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Learning to Love Inclusion
by Will Hobart

Spring break and the Pennsylvania Standard State Assessments have passed. April is here and I cannot believe there are just ten weeks left of my first year of teaching. Looking back at my time at Sulzberger, I consider how my opinions about inclusion have evolved.

From the beginning, the concept of inclusion -- including special education children in the regular education curriculum -- frustrated me. I wasnt initially sold on the whole team-teaching approach, with me working with two regular education teachers in their classrooms.

Like many soon-to-be teachers, I had spent the summer before school started pondering questions like, what floor will my classroom be on? How big it will be? How will I arrange the desks and what will I hang on my walls? These thoughts were especially prevalent during Teach For Americas summer training institute. My fellow corps members and I would disagree over things like the class reward system to use with our summer school class. I usually compromised, keeping in mind come fall I would have total control over my own classroom.

When my placement as inclusion was finalized and the school year began, I immediately began to feel the challenges of being a second teaching authority in an established classroom. Developing classroom power was hard in other teachers rooms and knowing exactly what to plan to teach was difficult. How do you teach individual education plan (IEP) objectives related to counting money or help students on the second-grade reading level decode words in classrooms teaching eighth-grade concepts like algebra and assigning chapter books? I struggled to overcome the feeling of not having my own space, my own haven in which to move my students forward at the levels and with the personal care and attention I knew they needed.

Despite my early skepticism and frustrations with inclusion, I have slowly come to realize the importance and success of the model at Sulzberger. Thinking back to a couple of the students I wrote about in earlier entries, I remember hearing how bad Chandler was in sixth grade and how he is a whole new student" since leaving the self-contained special education class. Xavier walked the halls in seventh grade. He was never where he was supposed to," teachers have stated. Its so great you have him staying in the room everyday!" While I wasnt at Sulzberger last year to witness this, seven months with both boys have given me clues to believe every word of the anecdotes.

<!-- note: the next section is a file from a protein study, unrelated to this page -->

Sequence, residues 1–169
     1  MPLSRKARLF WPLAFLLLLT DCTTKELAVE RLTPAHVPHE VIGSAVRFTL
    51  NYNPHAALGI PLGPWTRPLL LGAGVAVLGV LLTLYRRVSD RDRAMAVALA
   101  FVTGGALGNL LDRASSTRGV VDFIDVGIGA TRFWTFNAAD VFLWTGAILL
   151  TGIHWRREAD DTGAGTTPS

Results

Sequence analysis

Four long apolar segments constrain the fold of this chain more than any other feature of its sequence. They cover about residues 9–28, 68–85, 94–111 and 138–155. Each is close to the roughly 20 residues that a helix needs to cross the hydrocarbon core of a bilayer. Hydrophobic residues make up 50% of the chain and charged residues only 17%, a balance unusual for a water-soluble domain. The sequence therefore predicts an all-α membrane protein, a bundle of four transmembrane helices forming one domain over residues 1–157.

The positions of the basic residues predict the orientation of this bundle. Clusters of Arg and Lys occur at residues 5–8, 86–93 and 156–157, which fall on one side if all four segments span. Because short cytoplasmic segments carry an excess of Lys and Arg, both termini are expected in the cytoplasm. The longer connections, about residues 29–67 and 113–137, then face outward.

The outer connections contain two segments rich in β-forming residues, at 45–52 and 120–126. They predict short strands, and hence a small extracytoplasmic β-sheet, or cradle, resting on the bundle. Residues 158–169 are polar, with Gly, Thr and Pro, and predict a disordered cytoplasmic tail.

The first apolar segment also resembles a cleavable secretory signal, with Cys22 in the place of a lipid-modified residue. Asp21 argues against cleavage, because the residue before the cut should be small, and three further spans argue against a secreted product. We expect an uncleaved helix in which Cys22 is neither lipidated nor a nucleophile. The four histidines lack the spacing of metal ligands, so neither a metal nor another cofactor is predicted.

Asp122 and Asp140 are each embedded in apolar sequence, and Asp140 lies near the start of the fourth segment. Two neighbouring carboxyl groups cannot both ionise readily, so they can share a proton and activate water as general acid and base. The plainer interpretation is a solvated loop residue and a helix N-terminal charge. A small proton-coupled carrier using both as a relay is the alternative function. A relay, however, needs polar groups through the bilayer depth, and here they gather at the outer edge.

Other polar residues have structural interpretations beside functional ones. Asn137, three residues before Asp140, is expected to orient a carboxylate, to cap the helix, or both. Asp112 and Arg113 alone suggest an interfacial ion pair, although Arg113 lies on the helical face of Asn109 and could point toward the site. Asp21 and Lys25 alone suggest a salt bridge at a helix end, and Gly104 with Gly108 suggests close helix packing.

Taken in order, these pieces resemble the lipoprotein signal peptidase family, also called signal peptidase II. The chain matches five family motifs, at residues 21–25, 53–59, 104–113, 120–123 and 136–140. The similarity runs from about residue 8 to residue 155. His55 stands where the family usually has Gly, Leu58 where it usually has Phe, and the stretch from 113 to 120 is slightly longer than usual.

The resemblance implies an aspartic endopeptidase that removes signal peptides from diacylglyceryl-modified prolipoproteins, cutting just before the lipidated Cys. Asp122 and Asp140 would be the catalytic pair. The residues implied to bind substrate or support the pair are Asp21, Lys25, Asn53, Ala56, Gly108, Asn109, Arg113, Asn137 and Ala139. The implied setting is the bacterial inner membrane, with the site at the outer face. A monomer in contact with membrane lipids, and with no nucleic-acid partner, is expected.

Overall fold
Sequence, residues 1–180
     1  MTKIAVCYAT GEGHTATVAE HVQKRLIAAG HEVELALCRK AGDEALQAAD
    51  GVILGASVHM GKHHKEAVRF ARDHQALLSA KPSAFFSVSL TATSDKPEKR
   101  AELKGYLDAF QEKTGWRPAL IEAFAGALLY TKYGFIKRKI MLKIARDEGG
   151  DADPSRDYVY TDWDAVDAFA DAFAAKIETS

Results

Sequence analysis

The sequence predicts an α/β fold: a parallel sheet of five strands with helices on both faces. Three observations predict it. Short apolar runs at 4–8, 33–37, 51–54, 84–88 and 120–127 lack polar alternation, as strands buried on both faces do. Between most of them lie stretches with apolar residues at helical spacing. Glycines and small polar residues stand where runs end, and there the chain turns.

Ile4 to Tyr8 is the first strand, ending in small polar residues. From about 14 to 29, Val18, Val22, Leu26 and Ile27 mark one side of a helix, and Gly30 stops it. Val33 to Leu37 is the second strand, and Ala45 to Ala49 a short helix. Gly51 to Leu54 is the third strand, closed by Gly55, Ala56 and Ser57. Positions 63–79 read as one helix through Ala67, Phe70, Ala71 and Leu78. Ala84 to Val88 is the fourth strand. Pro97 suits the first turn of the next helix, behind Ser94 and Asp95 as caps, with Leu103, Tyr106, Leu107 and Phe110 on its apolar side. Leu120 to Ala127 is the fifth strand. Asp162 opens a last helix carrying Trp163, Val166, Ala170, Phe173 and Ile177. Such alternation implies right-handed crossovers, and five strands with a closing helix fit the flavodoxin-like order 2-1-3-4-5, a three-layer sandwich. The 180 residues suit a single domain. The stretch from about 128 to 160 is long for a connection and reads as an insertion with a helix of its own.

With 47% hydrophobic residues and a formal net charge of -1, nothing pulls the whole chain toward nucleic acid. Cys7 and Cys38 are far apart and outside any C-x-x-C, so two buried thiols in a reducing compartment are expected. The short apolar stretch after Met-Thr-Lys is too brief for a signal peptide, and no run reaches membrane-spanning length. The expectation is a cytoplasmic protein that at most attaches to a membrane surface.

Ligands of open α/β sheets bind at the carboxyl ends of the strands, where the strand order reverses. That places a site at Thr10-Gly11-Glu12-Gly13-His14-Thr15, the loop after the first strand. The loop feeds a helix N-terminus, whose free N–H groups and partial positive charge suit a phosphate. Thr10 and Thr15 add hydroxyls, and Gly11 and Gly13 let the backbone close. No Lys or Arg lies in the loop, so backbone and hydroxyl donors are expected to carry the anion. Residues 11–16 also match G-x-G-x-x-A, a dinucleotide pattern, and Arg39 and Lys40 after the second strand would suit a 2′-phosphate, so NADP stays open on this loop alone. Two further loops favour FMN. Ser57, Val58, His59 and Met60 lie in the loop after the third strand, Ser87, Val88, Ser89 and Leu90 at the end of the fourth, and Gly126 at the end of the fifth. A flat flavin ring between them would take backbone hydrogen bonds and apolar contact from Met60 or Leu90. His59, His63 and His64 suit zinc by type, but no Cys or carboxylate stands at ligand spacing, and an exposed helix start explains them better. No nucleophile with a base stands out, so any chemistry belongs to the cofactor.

Now, seven months into the job, I know how much my mindset about inclusion has changed. I remember the feelings of confidence and passion I spoke with to the state auditors about the inclusion program during our audit a couple months ago. I explained everything my co-teachers and I do for the kids in the program. Our organization and efforts were noted as our schools inclusion program was deemed one of the best in the state, a program other schools should use as a model."

Above all of my own personal comforts with inclusion, the most important thing about inclusion I have come to realize is its impact on all of the students in the class. I think back to when I was in elementary school where many students were included" in the general education classroom. I remember the cooperative learning that occurred and I attribute the development of many of my leadership qualities and outright feelings of fairness and equal treatment for all to the early days in elementary school classrooms, where I learned to respect different types of learning strengths and challenges.

I have learned to put my challenges with being a team teacher and feelings of not having my own classroom aside and focus on the social success of inclusion. Every student in the seventh and eighth grade needed to not only master individual objectives as well as the general education objectives, they also needed to learn and master life objectives of coexistence. They needed to learn the values of teamwork and respect of every individual, regardless of individual strengths and weaknesses inside and outside of the classroom. I truly believe an inclusion learning environment is the model classroom setting for this type of life training to occur. And for all it gave to me as a child and for all it can give to the students I teach, I have learned to love inclusion.

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Article by Will Hobart
Education World®
Copyright &copy 2007 Education World

Posted 04/25/2007